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Showing posts from August, 2011

Seaweed salt soap - and my icy cold hands

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I went to pick seaweed with my cousin and mother the other day.  We timed it carefully since we wanted to pick a particular kind of seaweed, Pamaria palmata.  Dulce is the common name in English, but we call it Söl in Icelandic.  Dulce has been used for ages here as food.  They are very nutritious and are sold as snacks and some people used them in green drinks.  This is why we were going to collect some, because my cousin uses them in her nutritious morning drink and it is rather expensive at the shops.  Self sufficiency appeals to me, even if I don't really eat that much of the stuff.

Dulce grows at the very lowest point of the beach where there is movement of the sea most of the time and in order to pick it we had to wait for the lowest tide of the month and we were fortunate that this month it happened to be a Sunday.

We only had to drive about an hour from the city to find a nice place to collect seaweed.  There are these two really cute tiny villages with tongue twisting n…

Fairy candy - Strawberries

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Strawberries are Fairy candy.  Or they could be Goddess fruit.  Definitely they are otherworldly good when you grow them yourself.  Much sweeter and juicier than store bought no matter if they are imported or grown locally.  I think it's because they are picked just a little too soon so they don't get damaged in transport.

This summer I got a bowlful of my own homegrown strawberries for the first time.  A whole bowlful!  I've had a crop of strawberries before, but it's always been one or two at a time, but not a full bowl of fully ripe strawberries, deliciously red and sweet and juicy.

I have two varieties of strawberries.  Some nameless one I bought in a garden center (they never seem to care about named varieties here) and a named variety that I grew from seed so the name was on the packet, but I have since forgotten it (but I think I have the empty packet somewhere).  The seeds came from Denmark and the flowers are pink and the fruit is large and dark and juicy. …

Gift from the gods, brought by the butler

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Filipendula ulmaria - Meadowsweet is a lovely medicinal plant.  It is well known as a natural painkiller as it contains salicylic acid, the ingredient in aspirin.  The plant is however, unlike aspirin, quite gentle for the stomach and is used to treat heartburn since it neutralizes stomach acids and it is used for peptic ulcers.  It is anti inflammatory and as such it works well for rheumatic pain.  It is also astringent and a urinary antiseptic.  It is even gentle enough to treat diarrhea in children.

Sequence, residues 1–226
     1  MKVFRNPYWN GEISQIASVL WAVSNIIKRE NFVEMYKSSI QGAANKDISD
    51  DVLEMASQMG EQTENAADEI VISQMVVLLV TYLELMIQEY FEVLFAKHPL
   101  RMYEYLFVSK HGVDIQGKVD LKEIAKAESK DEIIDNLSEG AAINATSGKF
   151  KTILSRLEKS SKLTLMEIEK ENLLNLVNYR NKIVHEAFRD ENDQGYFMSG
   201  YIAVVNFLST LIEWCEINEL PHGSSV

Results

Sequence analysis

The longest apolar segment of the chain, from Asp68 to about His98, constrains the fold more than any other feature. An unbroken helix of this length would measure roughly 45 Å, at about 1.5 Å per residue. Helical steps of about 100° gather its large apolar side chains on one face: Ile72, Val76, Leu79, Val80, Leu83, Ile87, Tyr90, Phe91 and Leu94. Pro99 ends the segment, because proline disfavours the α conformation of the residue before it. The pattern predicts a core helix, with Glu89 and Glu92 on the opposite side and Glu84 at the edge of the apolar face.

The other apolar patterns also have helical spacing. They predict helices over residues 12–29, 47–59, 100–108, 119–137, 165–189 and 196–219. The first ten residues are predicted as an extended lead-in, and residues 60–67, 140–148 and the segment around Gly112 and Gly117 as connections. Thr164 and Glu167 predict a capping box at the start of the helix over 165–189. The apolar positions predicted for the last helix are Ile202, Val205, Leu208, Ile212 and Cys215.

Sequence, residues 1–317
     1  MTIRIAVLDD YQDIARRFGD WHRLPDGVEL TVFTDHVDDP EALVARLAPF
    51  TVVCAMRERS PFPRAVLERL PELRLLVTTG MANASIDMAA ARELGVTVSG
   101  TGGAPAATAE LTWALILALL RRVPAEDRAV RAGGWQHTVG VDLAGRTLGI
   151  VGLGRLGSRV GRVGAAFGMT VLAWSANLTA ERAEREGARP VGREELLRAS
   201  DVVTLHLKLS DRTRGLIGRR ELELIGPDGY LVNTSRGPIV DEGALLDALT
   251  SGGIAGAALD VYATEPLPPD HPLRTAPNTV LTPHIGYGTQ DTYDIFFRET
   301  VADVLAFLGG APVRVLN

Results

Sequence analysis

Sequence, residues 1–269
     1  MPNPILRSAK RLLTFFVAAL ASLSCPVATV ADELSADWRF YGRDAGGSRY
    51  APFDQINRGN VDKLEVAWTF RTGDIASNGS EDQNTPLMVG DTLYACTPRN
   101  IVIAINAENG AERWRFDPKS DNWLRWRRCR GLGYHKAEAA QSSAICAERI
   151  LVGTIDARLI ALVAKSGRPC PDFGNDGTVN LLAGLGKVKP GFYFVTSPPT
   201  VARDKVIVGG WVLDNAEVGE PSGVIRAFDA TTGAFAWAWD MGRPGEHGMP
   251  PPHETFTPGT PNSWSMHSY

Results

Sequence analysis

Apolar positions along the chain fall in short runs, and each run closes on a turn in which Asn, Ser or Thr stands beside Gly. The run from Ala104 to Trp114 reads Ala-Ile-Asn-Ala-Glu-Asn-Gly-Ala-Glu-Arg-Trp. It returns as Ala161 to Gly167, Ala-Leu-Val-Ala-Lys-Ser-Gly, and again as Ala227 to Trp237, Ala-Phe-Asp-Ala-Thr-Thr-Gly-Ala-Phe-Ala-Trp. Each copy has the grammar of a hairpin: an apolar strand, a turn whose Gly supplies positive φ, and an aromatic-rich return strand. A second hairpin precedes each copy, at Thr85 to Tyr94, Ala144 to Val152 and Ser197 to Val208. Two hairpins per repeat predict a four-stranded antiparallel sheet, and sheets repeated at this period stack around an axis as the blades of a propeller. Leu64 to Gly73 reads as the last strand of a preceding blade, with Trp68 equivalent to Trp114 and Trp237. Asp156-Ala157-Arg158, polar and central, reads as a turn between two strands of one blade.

It's name in Icelandic is Mjaðurt, which means Meadplant.  Mead is a drink that the vikings drank way back when they were delusional enough to think Iceland was inhabitable.  There are no surviving recipes for mead, but it was probably alcoholic and some think it was made with honey, but it is fairly obvious that Filipendula ulmaria was used in it.

I got the idea to make a drink from Meadowsweet when I had finished the Rhubarb "champagne".  I was sure that it would make a …

My favorite books about soapmaking

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I buy books.  A lot of books about all sorts of things.  If I get interested in something, the first thing I do is to buy a book about it.  Or even better, two books... or more.  So I have a few books about soap making.  I love all my books and I am always so grateful to the authors that they took the time and made the effort to write a book to share their knowledge with me and many others.  I would like to share a few of my favorite titles and books about soapmaking are first in line.  I have to say beforehand that I do not know any of the authors.  I have only bought their books and read them.  I haven't read every book there is about the subject, but if I see a book about making soaps, I look it over thoroughly and buy it if it interests me.  What are your favorite books?  I might be missing a few!

I think my absolute favorite book about making soap must be Anne Watson's simple little book with the big title: "Smart Soapmaking: The simple guide to Making Traditional …